Exmouth Again – Surf, Funerals, Knobs

On Monday morning we left our camp base in Exmouth town and headed for Cape Range National park where we stayed for 3 nights. 
We were glad to leave Broome after too many noisy nights and increasing boredom. There is only so much to do… So after the stops in Port Smith and a return visit to Robe River, we drove thru to Exmouth and back to the central caravan park where we managed to get the last site going. We scored 5 nights on that site but then had to move sites for the final two nights. Who would have thought Exmouth would be so busy out of school holidays?… Turns out there are grey nomads who simply make this ‘home’ for months… Both big caravan parks in town were fully booked but there was space in the Lighthouse park – one we had been to before and didn’t like.
My first job in Exmouth was to remove the rear wheel, dismantle the Poly air suspension and locate the leak. After plunging the airbag in a bucket I discovered the leak wasn’t in the bag itself (a good thing) but was at the point of connection. So I trimmed the hose, reconnected, tightened up the cable tie and all was good. A simple fix and very happy at that.
That same afternoon Sam and I took off to look for surf while the girls set up house. Sadly there were only messy onshore waves so we drove home again hoping for better the next day. It’s a 40 k round trip from the town to the surf break and I knew it wasn’t going to be breaking, but some days you just run on hope.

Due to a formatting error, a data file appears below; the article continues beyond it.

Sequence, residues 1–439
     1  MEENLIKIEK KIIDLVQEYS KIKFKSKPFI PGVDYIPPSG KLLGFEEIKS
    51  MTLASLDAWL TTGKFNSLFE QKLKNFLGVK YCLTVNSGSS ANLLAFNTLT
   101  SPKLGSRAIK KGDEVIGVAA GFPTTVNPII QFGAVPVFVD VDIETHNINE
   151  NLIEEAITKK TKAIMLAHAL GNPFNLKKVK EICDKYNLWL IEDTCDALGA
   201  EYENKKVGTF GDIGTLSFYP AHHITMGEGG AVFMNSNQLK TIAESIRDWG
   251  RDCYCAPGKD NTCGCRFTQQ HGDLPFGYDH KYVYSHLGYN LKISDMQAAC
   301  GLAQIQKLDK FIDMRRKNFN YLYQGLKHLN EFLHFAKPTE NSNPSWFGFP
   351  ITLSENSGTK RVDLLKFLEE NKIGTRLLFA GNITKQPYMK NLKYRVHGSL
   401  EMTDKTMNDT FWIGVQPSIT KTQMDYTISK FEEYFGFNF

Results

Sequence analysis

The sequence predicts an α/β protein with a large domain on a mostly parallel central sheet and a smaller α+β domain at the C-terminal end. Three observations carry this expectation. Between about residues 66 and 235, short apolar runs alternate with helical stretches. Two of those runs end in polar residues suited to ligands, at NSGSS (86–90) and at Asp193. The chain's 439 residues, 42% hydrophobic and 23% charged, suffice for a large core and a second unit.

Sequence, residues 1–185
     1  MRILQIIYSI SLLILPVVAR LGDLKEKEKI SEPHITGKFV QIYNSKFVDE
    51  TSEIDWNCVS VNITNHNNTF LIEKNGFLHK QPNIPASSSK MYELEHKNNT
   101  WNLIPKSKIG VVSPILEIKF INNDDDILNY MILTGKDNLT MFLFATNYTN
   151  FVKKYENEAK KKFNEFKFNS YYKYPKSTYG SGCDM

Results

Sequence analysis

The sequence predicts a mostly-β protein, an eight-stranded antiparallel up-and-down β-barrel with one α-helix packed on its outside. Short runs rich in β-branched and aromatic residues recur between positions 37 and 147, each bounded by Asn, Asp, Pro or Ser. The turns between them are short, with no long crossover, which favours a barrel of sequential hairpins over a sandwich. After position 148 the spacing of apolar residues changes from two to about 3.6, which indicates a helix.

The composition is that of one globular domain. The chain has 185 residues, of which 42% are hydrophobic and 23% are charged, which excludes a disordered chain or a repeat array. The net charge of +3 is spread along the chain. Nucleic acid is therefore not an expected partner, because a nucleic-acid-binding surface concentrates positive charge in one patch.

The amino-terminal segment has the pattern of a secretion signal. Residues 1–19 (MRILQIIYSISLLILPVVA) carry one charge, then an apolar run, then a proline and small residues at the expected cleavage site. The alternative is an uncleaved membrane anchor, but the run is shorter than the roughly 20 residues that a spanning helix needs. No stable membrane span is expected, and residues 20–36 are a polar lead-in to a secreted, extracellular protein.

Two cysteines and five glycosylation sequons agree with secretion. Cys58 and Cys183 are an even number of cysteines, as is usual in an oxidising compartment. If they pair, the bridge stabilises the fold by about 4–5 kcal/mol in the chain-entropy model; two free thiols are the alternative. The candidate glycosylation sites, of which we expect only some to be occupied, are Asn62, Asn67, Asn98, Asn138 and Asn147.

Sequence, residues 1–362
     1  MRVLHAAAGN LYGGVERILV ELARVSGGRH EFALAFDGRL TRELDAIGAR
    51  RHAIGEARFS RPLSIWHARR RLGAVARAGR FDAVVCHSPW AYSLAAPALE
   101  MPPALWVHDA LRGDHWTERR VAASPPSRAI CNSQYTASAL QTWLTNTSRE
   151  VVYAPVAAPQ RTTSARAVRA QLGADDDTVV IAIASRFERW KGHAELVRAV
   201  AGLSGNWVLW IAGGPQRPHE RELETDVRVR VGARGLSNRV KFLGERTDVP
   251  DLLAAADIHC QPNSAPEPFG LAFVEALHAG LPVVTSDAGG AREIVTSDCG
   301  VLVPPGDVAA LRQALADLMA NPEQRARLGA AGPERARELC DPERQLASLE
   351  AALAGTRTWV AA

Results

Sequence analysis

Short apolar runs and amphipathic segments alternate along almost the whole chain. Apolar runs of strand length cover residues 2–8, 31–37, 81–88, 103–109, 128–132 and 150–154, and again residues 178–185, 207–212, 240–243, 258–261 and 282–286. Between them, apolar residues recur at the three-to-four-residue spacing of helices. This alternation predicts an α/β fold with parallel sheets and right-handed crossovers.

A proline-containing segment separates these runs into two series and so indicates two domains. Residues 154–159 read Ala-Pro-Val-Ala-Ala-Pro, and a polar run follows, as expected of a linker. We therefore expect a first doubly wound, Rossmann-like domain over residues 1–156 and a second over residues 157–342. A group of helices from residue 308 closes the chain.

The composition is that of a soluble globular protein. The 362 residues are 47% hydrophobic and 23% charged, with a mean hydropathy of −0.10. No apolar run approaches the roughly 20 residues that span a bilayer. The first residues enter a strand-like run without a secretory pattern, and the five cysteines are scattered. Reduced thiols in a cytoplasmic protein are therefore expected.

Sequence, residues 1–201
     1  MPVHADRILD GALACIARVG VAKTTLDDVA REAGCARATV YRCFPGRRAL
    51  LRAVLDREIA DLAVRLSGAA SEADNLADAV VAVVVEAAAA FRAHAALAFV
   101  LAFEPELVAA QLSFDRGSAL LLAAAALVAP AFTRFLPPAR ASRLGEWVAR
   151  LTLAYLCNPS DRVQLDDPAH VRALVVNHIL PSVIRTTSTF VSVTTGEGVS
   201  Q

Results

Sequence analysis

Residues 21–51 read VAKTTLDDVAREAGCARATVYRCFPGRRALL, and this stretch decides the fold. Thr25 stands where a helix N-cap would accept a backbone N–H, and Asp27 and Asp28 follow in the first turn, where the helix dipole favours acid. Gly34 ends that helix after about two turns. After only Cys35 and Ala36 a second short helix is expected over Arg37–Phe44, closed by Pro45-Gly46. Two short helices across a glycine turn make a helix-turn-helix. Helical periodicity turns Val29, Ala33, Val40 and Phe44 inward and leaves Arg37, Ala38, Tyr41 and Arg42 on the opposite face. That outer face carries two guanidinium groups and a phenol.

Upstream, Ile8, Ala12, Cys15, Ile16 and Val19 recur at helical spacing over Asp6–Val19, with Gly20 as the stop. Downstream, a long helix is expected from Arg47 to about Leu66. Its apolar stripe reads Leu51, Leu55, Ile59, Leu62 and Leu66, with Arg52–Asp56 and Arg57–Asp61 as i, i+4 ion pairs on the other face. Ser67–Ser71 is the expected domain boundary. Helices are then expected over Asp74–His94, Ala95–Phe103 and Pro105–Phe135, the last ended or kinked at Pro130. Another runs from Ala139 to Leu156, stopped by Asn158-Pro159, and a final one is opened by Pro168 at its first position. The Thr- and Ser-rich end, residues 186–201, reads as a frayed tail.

The next 5 days however, turned on some beautiful waves, from the tiny and barely ridable to the headhigh and invigorating. The crowds were down and Sam finally managed to get beyond riding water water to actually riding waves and it was fun to share some waves with him each day.
The high point came on Sunday afternoon when we lobbed in around 11.30 just before high tide. The surf was small but we paddled out anyway as we’ve noticed the conditions can shift pretty quickly in Exmouth. As we surfed a crowd was gathering on the beach so I asked a local what was going on. It turned out there was a funeral at 1pm for a local bloke who had died of cancer recently.
As word got around the water slowly emptied and people left, but Sam and I stayed. By 12.30 the water was empty and the beach was packed with 300-400 people.  The funeral began at 1 and we had heard there was going to be a ‘paddle out’ afterwards so we figured we would just surf thru until then unless someone called us out.
While the surf wasn’t big, the chances of ever finding empty, quality waves in warm water on a Sunday afternoon are pretty much non-existent so we just surfed until we dropped and then paddled in – only to see my car parked 3 deep in the carpark and with no way out…
It didn’t seem cool to mingle in the funeral and try to find out who was ‘driving the Triton and the Hyundai’, so we just went back and sat on the beach and became part of the event. We watched about a hundred locals do a paddle out, and then have a fun surf for an hour or so, before the crowd began to thin, the tears eased off and we were able to locate a driver to help us get out.
Empty and perfect
10 minutes later…
We had enjoyed some great waves – alone – because the sheer volume of cars blocking the carpark meant that not only where we blocked in – but every other surfer was either at the funeral or blocked out. A rare father son moment – both beautiful and memorable.